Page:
On most weeknights however, the atmosphere will tend toward a more intimate mix of Japanese and Foreigners (French/Europeans well represented), both in clientele and style, with a good selection of wines and home-cooked vegetarian dishes available.
Update 2013: Philippe moved to a (slightly) bigger location, still on Kiyamachi, but now south of Shijo.
Easy to see why the place is so famous among Kyoto semi-underground drinking circles (and the strongly non-overlapping set of people who read the kind of fancy glossy travel magazines that lap up that sort of place): on the 3rd floor of a building tucked in a tiny back alley, no sign (no name), minimally decorated, well-stocked with exotic liquors and only lit with enough candles to ensure you can see as far as your drink on the table…
But despite its typical hipster-traveller appeal, the place is an authentically awesome bar, in no small part thanks to the eponymous Kazu: friendly, outgoing and quite often drunker than everybody else in the bar. Does your local barkeep spontaneously come up carrying enough takoyaki from his favourite nearby store to feed your entire table at 2am? I didn’t think so either.
“How to find it?”, you ask… Err, well, yea… You are probably gonna have to befriend some trendy locals (or ply me with the promise of free Gin&Tonic, on the next occasion I am in town). Failing that, it’s not gonna be an easy search. You can try going toward this place and looking up (good luck, it took me half-a-dozen times learning to get there without getting lost).
Milan’s and ING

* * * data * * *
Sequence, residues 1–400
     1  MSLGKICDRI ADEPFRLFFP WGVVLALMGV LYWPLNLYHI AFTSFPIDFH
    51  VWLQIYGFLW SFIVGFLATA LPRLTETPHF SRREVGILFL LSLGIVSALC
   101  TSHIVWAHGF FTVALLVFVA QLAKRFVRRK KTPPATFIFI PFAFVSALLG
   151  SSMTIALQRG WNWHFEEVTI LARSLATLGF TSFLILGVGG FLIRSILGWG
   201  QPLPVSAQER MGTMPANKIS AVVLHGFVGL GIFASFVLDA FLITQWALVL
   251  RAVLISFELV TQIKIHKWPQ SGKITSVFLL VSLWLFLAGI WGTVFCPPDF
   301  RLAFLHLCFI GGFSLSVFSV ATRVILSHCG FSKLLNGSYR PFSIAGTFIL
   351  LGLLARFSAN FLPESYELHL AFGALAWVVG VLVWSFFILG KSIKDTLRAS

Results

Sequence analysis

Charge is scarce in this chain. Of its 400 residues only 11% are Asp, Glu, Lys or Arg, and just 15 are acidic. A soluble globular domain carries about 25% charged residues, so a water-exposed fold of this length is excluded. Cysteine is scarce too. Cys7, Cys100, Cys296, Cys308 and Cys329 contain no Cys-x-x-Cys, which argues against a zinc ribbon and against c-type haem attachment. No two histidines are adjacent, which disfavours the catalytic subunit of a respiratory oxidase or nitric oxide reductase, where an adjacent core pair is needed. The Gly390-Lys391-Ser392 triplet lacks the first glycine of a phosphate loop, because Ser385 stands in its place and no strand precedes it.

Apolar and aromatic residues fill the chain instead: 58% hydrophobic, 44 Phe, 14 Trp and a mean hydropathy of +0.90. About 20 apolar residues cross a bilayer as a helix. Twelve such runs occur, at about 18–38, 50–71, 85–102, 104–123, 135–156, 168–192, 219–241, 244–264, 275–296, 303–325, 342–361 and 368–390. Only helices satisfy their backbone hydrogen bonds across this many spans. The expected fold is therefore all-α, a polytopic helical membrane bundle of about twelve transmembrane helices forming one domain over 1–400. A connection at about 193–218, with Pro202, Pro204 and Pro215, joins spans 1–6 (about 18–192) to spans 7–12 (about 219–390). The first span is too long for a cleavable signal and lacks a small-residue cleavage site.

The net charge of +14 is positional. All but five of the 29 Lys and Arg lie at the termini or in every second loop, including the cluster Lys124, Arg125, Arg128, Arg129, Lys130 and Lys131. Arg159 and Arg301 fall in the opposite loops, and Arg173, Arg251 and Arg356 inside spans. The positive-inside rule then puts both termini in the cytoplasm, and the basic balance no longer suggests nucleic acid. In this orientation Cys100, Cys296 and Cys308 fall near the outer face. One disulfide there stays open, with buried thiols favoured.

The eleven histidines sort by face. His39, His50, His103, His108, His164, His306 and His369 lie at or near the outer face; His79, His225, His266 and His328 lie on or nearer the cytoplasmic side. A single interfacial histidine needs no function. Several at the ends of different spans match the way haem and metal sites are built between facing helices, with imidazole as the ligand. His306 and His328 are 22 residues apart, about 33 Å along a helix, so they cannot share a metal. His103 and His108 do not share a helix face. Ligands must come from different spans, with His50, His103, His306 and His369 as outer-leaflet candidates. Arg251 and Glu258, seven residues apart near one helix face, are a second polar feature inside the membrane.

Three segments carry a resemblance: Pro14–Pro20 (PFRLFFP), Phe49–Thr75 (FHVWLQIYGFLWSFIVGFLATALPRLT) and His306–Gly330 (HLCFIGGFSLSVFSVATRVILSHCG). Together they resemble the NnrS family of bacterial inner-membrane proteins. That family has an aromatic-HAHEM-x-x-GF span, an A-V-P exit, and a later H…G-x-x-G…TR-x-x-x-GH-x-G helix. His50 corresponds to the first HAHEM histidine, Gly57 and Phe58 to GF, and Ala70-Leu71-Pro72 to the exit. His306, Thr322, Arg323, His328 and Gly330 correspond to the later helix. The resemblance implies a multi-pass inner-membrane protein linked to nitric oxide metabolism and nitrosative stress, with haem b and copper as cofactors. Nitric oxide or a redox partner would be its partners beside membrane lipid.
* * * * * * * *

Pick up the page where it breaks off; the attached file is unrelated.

When needing a change from intimate moods and underground vibes and looking for a bit more of a shot-bar party atmosphere, Milan’s bar is a pretty reliable choice: comfy middle eastern opium den meets cheesy hip-hop bar… Smoke a shisha, share a few shots with Milan (all drinks ¥500) and who knows where things can go from there.
If no amount of drinking can make you put up with shitty music, ING bar guarantees a much more palatable selection of rock classics (and less classics), with a student crowd and super-friendly staff (owner will gladly take music requests for your favourite bands and might even spontaneously play them again, the next time you show up).
Of course, there are always the classics (those you have already read about a dozen times in every half-assed Kyoto guide): Café Indépendants is a nice place to grab a beer and some tasty food (cheap menu sets available on weekdays), but despite its nifty old-school cantina style, it is more of a place to chill-out on your own or with your own friends, than to meet new people.
A-Bar is the ever-reliable go-to place for travellers looking to socialise… with other travellers mostly (expect to see on average one Lonely Planet guide on each table) or large groups of students that would not fit anywhere else. A little overrated, but the beer is cheap and atmosphere convivial.
Grab a bite…
Too many good food options in Kyoto to even consider listing, but a few places I like in the vicinity of Kiyamachi (where all aforementioned bars are located):
大豊ラーメン [Taihō Ramen]
Hands-down my favourite ramen place in Kansai: cramped, scary-looking and of questionable hygiene standards, as any proper ramen place should be. Serves the fattest, most awesome, black pork-based ramen soup you will ever find (Kyushu style). Stick with the normal version and stay away from the shashū (extra pork) option, unless you fancy eating half a fattened pig with your noodles. Perfect after (or before) a night of clubbing and/or drinking. Located in a tiny alley, off Kiyamachi-dori.